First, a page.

Matsko says some ‘old school’ traders still prefer to manually execute a trade believing that they get a better price by speaking directly with brokers. “It’s about trying to understand whether there is a true cost advantage to doing a trade one way versus the other; so trying to get better execution by trading a forward in an electronic environment versus calling my broker,” he says.
With an eye on the future, Van Name highlights algorithmic trading (algos) and blockchain technology.
Algos have been an important development in terms of reducing market impact and lowering transaction costs, something that Van Name says has benefited both developed and emerging market currencies.
However, Schroders’ Boukhoufane says he would like to see more technological advances to assist with trading emerging market currencies where liquidity is scarce: “Electronic trading is less advanced [for emerging currencies]. The exit door remains small for some emerging market currencies, which means implementation remains key when entering into positions where liquidity can evaporate in times when markets have increased volatility and momentum.” (See interview with Jon Vollemaere, p50)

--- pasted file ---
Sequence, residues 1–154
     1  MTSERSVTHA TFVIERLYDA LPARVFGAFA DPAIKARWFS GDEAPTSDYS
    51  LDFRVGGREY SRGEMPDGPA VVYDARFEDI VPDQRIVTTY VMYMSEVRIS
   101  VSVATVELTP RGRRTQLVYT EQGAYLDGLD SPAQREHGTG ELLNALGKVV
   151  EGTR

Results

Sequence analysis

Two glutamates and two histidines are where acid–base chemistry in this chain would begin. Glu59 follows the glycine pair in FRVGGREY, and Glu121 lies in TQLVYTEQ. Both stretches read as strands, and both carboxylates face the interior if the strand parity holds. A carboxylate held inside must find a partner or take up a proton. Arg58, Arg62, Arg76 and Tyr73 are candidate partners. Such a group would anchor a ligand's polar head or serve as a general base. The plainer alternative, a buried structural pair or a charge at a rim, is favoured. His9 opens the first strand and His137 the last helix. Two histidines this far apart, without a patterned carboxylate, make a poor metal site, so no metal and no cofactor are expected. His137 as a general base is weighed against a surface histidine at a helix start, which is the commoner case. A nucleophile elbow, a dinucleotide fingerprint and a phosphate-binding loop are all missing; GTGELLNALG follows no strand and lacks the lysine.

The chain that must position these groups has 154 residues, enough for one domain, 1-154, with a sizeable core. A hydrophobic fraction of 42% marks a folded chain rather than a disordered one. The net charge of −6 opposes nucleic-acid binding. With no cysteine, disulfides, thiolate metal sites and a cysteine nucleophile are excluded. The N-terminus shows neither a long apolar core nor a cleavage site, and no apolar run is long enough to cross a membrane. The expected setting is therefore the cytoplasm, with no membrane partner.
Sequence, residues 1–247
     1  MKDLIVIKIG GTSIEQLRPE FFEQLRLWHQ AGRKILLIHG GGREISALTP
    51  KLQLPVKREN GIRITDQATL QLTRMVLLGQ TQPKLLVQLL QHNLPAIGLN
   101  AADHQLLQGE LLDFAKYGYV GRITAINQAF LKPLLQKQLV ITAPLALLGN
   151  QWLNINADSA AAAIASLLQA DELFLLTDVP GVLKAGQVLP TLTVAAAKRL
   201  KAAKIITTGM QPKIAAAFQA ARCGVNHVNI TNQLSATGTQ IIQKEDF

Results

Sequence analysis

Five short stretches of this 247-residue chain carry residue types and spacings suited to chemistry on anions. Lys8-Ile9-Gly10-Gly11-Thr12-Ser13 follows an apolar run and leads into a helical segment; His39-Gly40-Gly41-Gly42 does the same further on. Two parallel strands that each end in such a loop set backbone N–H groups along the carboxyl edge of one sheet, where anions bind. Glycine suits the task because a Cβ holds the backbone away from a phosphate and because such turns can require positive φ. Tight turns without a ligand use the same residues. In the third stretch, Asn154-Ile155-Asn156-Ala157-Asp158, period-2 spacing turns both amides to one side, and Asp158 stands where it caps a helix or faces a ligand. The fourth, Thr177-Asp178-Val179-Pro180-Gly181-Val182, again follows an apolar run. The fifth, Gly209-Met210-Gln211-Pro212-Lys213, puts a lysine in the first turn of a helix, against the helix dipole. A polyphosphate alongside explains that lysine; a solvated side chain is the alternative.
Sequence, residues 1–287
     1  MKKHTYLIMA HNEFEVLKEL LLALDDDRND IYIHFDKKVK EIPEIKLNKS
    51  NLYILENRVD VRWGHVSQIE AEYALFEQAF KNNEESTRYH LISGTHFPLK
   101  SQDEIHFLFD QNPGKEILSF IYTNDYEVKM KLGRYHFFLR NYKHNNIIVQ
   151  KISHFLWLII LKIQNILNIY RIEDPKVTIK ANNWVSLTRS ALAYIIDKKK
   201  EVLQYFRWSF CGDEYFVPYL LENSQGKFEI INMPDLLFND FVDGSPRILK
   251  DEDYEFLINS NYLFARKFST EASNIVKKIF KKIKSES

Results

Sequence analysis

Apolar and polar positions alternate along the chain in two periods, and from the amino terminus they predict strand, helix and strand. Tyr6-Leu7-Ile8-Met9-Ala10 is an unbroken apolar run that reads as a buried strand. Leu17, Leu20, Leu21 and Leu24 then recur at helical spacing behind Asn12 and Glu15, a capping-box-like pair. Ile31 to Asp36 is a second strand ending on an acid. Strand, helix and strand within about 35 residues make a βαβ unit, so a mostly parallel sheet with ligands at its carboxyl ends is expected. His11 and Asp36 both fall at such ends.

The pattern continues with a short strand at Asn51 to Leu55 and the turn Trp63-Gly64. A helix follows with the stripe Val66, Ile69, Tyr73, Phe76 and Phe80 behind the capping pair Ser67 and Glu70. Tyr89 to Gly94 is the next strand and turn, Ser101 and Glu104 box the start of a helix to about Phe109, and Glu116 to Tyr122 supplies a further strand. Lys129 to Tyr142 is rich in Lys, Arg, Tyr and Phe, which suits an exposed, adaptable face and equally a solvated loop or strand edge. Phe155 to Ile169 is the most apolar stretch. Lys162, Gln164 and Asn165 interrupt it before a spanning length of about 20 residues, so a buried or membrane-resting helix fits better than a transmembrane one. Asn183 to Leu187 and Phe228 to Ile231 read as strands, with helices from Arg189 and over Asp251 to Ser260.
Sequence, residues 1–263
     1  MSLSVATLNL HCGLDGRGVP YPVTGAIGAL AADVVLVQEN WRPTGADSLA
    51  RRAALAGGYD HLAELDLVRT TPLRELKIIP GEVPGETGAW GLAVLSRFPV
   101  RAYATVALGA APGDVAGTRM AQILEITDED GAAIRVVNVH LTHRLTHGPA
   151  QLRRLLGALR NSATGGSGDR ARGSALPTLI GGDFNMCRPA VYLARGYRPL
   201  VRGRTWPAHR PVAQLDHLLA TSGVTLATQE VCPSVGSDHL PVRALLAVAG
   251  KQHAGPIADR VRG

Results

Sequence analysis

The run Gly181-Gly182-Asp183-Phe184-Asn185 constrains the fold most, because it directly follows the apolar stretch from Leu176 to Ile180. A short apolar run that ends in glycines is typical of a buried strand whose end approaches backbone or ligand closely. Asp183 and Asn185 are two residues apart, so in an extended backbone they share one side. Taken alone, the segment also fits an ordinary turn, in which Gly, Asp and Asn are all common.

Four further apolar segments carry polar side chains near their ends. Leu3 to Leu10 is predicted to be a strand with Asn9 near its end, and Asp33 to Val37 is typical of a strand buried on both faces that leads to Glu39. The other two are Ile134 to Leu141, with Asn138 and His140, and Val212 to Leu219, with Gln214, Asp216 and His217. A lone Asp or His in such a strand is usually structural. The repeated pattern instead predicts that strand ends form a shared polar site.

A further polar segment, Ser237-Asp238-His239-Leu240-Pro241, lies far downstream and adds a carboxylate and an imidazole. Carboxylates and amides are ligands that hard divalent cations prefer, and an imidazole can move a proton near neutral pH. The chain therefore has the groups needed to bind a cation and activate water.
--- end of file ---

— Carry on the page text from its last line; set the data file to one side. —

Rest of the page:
Blockchain technology has also been an important trend for FX traders and Van Name argues it will continue to drive improvements and efficiencies when dealing with Bitcoin transactions. “Blockchain technology, and the operational benefits it can bring, has become a frequent and widespread conversation topic,” he adds. “Transparency, immutability, reliability and speed are factors that will drive greater collaboration and lower costs.”
2016 has been a busy and unpredictable year not just for FX but the markets in general. Next year could prove yet more unsettled as Trump beds in, Brexit’s future becomes clearer and the fate of the EU hangs in the balance. Traders will need to be on their toes and it will be down to technology to ensure they can stay focused on the difficult job in hand.